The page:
OKAZAKI, Japan — The last time I was in Japan was the first time I saw a car park itself.
It was 2003, and Toyota had developed for Prius a system that was the precursor for systems we see today: you control the speed and gear changes, it controls the wheel for a perfect parallel or perpendicular park.
Cool, I thought, even if I did start to wonder, “Hey, if you can’t parallel park, do you deserve to drive?”
What Mitsubishi showed us last week, in a city about a half-hour by train from Nagoya, takes self-parking to another level. You stop the car along a stretch of parked cars where you think there’s a spot — and get out.
With a remote control, you activate the self-parking feature. The car, this one an Outlander PHEV (for Plug-in Hybrid Electric Vehicle), drives forward while calculating distances to find a parking spot. When it does, it switches itself into reverse and parks.
When you return, you activate the car again and it pulls itself out for you.
It’s not ready for prime time, however. It takes too long to pull in and out — imagine having it back up traffic on Portage Avenue while it wiggles itself in and out — but it is an interesting development for a company whose reputation, on these shores at least, has been as a follower of trends rather than a setter of them.
What it is, as well, is something closer to production-ready than previous, more sophisticated self-parking cars. A number of years ago, Volkswagen showed off a self-parking Golf wagon. While it would pull out of a perpendicular spot and drive itself through a parking lot to greet its owner, its cargo area was so chock-full of computer components, it lost half its cargo space.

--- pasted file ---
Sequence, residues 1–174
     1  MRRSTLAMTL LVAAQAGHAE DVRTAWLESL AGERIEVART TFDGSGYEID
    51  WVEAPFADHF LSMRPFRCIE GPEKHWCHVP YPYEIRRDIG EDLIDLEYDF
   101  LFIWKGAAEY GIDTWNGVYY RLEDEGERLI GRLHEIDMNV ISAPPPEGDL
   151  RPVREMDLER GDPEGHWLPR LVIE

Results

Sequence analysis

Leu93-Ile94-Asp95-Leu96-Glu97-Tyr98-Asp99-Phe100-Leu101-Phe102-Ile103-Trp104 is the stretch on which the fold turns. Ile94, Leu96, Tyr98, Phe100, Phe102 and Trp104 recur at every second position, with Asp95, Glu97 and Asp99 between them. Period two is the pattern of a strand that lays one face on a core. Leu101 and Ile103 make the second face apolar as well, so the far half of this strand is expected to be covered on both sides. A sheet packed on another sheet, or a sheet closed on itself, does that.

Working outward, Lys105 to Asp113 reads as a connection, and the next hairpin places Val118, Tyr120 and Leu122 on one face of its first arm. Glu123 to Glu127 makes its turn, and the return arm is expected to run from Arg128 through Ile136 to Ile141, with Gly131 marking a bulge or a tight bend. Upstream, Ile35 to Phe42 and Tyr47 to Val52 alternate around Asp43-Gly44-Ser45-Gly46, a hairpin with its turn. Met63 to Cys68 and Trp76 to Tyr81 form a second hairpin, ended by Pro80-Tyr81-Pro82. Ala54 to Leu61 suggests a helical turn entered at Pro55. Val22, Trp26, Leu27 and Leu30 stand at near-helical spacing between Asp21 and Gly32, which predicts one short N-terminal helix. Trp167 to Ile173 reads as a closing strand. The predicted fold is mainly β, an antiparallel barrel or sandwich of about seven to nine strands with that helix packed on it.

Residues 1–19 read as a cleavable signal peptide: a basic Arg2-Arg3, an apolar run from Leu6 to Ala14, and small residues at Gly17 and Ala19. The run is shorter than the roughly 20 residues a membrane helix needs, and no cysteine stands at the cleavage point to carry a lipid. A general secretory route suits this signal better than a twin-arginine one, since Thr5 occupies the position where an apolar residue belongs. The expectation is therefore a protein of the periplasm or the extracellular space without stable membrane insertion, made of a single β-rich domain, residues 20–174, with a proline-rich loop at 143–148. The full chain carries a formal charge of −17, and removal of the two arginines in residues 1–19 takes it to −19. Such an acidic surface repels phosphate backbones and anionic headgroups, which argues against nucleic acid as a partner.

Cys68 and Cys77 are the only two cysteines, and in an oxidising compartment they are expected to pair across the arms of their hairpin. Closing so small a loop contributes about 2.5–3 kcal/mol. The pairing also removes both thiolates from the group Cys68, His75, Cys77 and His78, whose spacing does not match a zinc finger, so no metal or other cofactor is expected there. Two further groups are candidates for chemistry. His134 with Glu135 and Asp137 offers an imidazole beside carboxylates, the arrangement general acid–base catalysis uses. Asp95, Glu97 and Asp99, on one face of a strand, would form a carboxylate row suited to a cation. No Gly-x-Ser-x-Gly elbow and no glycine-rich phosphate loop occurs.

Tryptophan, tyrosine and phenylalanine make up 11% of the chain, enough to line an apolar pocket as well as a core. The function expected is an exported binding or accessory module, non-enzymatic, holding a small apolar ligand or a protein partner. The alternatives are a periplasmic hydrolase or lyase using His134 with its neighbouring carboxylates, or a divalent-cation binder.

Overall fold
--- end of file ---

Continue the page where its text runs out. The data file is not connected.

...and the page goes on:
Instead, Mitsubishi’s little bit of autonomy doesn’t look autonomous at all. There are no spinning LIDAR antennas or obvious cameras hither and to on the roof, just the same kind of ultrasonic sensors you see on bumpers today.
Consumers can expect more going forward, as Mitsubishi is now part of the Nissan-Renault Alliance, thanks to an injection of US$2.3 billion in cash. The move, designed to help Mitsubishi recover from a fuel-economy scandal surrounding its line of tiny “kei” cars, paves the way for technology sharing, platform sharing, joint plant production and other forms of co-operation.
Mitsubishi Motors, on the eve of its 100th anniversary, brought a select group of Canadian automotive journalists to Japan in a bid, according to Mitsubishi Motors of Canada spokesman John Arnone, to “peel back the curtain” on a company currently ranked 19th by sales but with plans for significant growth moving forward.
Part of those plans include phasing out its last gas-powered car — in North America, at least — the Lancer, and shifting focus to crossover vehicles and green transportation. A third crossover is expected in the next couple of years. It will slip in between the compact RVR and mid-size Outlander in size, which will also result in Outlander growing in size and RVR shrinking.
Chief designer Tsunehiro Kunimoto said that third SUV might be seen at the Geneva International Motor Show in March. He said of the three recent crossover concepts — XM, eX and Ground Tourer — one will appear in production-ready form at Geneva. “I won’t tell you which one,” he said. “You’ll have to guess.”
Given the expected timeline of selling the new, mid-size crossover, that it would be the one unveiled in Geneva would be a good guess.
The company still has plans to introduce the Outlander PHEV to North America, but can’t say exactly when. That plug-in crossover is gaining traction in other markets, with 30,000 sold in Japan in 2015 and another 30,000 produced for export. It is currently hampered in North America by its popularity elsewhere and by low gas prices.
“We’d love to get our hands on some,” said Tony Laframboise, vice-president marketing and sales in Canada.